Tuesday, April 13, 2010

Colors of Granada


Spanish colonialists first settled on the northern shore of Lake Nicaragua in 1524. Over the last 500 years, the town of Granada has changed little, with many of the area's early buildings still defining the skyline. Despite catering to a new economy, Chaco-wearing tourists with zip-off cargo pants and Teva bucket hats, some buildings are still made of adobe, and horse drawn carriages still carry food and produce around the rough streets. A few weeks back, I visited Granada not as an early colonialist or missionary but as a sunburned and gluttonous gringo fresh off a week of surfing.

Windows boarded up during the heat of the day.

Lacking apparent rhyme or reason, each house has its own color combination and the sidewalks change like in the Billie Jean music video. As I walked around the streets of Granada, the juxtaposition between humble materials and construction and cheerful colors caught my eye like drunk hippies at a music festival.

Brick, dirt, adobe, cement, rock, wood, and some turquoise paint.

Sidewalk meeting the wall of a house.

Out of necessity and abiding to no apparent codes, power lines and regulators dotted the walls like a single scar on an old, weathered face, marking each individual homestead.

An old Nicaraguan woman talking with her neighbors.

One eye open.

Hardwood, handmade doors.

Without looking cartoonish or belonging in a soon to be bankrupt suburb of Las Vegas, the vibrant colors made me smile. It looked like a group of mischievous boys had bashed a wall here and there with a sledge hammer and painted a square patch on a white wall just to prove they could. It didn't feel contrived or thought-out because it wasn't, that's why it's beautiful.

Here are some more links,
Granada (Picasa),
Nicaragua (ART),
Doors (ART).

15 comments:

Skip said...

Great post! Good collection of colors.

Foster Huntington said...

thanks for the kind words skip. the colors were amazing. think Miami vice minus the coke and white suits,
foster

brohammas said...

See, the thing about gaudy and missmatched colors as a community theme, is that it only works if everyone is on board. Try the checkerboard sidewalk with a patchwork house next door to someone's stucco and brick with manicured columns and it doesnt have quite the same affect.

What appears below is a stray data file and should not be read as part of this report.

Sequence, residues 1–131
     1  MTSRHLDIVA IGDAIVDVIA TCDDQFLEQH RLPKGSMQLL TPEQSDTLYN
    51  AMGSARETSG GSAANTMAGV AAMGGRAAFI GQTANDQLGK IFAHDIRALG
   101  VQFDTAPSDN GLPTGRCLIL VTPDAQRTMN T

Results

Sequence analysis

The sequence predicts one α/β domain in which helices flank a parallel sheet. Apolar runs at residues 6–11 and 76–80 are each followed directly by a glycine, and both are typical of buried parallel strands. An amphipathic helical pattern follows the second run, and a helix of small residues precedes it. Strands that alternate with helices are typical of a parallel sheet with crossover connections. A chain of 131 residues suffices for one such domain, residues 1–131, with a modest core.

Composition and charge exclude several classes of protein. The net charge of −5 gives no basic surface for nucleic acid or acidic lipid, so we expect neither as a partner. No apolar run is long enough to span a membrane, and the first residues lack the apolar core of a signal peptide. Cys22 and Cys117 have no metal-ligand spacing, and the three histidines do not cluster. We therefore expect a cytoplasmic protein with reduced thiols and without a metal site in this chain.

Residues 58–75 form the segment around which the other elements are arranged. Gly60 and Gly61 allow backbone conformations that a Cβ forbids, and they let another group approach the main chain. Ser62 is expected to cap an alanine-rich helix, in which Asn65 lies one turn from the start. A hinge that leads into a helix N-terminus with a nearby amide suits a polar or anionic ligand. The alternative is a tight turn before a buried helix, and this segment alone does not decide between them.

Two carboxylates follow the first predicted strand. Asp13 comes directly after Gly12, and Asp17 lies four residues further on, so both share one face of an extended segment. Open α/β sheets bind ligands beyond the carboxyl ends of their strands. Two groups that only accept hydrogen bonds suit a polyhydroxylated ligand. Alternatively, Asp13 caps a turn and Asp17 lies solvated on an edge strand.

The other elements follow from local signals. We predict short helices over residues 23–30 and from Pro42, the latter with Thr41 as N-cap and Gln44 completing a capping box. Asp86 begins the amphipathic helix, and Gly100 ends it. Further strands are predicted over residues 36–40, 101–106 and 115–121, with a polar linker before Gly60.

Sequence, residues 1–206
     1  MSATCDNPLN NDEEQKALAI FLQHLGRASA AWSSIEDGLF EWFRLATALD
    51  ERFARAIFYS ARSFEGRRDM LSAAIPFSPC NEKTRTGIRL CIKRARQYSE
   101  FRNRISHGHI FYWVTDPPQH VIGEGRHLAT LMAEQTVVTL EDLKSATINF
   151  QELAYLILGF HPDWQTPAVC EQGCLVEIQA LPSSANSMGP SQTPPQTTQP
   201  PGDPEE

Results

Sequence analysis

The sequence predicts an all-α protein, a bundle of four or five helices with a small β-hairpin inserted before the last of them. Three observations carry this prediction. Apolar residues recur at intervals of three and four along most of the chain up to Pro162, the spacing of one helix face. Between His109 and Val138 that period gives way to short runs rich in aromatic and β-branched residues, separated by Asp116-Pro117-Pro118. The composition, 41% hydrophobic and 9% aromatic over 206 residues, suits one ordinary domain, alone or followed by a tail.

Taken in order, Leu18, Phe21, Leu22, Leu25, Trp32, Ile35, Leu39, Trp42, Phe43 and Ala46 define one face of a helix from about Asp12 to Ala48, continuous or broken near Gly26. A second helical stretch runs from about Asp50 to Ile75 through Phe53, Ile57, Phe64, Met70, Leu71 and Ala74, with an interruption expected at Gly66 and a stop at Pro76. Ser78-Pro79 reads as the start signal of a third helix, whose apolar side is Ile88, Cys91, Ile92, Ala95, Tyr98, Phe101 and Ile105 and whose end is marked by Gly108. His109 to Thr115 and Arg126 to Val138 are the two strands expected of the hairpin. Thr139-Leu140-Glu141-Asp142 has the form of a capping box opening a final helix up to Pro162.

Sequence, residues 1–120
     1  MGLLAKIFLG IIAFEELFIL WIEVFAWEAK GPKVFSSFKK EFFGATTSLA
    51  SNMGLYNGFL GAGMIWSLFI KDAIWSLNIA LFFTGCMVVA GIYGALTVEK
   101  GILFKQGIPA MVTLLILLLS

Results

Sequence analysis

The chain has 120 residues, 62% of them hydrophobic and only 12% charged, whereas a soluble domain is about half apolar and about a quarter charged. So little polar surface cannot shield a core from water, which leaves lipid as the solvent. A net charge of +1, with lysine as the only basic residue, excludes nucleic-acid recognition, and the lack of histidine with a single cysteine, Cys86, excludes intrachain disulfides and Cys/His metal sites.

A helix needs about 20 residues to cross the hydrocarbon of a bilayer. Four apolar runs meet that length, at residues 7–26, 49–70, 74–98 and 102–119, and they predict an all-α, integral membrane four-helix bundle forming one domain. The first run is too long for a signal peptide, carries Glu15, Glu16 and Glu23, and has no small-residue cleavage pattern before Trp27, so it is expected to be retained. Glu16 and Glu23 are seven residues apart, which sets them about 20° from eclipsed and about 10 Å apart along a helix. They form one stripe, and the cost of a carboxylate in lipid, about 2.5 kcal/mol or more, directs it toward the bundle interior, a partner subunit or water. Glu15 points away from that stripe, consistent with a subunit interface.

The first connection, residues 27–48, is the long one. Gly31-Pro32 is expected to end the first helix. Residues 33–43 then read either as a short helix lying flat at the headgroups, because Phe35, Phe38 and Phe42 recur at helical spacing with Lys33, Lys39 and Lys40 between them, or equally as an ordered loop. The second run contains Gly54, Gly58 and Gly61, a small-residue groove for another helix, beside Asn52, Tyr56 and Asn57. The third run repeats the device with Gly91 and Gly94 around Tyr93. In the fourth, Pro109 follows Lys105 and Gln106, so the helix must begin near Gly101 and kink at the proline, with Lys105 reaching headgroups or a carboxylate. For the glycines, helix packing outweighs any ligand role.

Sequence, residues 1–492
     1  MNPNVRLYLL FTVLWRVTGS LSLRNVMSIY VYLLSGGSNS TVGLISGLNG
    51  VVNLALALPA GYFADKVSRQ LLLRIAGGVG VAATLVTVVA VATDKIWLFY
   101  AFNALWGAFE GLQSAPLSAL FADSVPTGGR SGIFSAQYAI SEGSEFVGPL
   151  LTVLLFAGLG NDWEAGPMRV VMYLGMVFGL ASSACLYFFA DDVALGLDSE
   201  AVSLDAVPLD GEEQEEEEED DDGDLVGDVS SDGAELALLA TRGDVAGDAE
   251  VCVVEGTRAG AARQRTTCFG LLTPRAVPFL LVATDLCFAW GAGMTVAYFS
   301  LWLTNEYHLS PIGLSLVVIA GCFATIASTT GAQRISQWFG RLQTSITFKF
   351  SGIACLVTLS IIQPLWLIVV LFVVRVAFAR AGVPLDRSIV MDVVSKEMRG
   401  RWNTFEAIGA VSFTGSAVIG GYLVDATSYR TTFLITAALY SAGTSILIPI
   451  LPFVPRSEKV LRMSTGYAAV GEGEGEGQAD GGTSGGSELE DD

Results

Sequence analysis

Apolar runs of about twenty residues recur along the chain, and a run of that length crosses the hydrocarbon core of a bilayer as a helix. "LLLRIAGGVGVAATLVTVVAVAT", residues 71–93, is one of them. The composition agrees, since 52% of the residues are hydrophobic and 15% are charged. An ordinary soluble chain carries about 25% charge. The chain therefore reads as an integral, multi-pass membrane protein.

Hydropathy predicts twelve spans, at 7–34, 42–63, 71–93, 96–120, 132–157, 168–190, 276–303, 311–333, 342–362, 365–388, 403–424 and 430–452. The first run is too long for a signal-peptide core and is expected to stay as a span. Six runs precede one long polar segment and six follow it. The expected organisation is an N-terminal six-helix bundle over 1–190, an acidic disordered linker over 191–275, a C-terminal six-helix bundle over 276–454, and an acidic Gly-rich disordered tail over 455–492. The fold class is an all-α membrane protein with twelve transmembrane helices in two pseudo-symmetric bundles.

Viva la color.
Great pics once again. Even better M. Jackson reff.

Wrecked Stellar said...

Gorgeous photos. The colors really do tell a story.

Foster Huntington said...

Brohammas,
The thing is that there were bright houses next to standard stucco. it all worked well for some reason. it felt authentic. thanks for the kind words,
foster

Foster Huntington said...

Wrecked Stellar,
thanks for the kind words. the place was beautiful,
foster

Patty said...

Beautiful pictures, I would love to go to Granada someday

Foster Huntington said...

patty,
give it a whirl, you wont regret it.
foster

Megan said...

I am crazy about the collection of doors in this post! The range of colors and materials is stunning.

Foster Huntington said...

Megan,
thanks for the kind words. The doors were a
amazing. I always find myself saying that I wish I took more pictures. There were a lot more doors to be had,
foster

Anonymous said...

Great posts on Nicaragua, I was just there and these photos make me want to go back.

Foster Huntington said...

thats all i could ever ask for in a comment, hope you get the chance to head back,
foster

HomeCollection. said...

i love this serie of photographs!

Foster Huntington said...

Homecollection,
thanks for your nice words. your blog isnt to shabby either..
foster

viagra online said...

Great post, I'm a professional photographer, and you know what? I really liked what you did, specially with this shots, I'll have been doing the same work in my own website, by the way, if you prefer it, you can come and leave some comments too. 23jj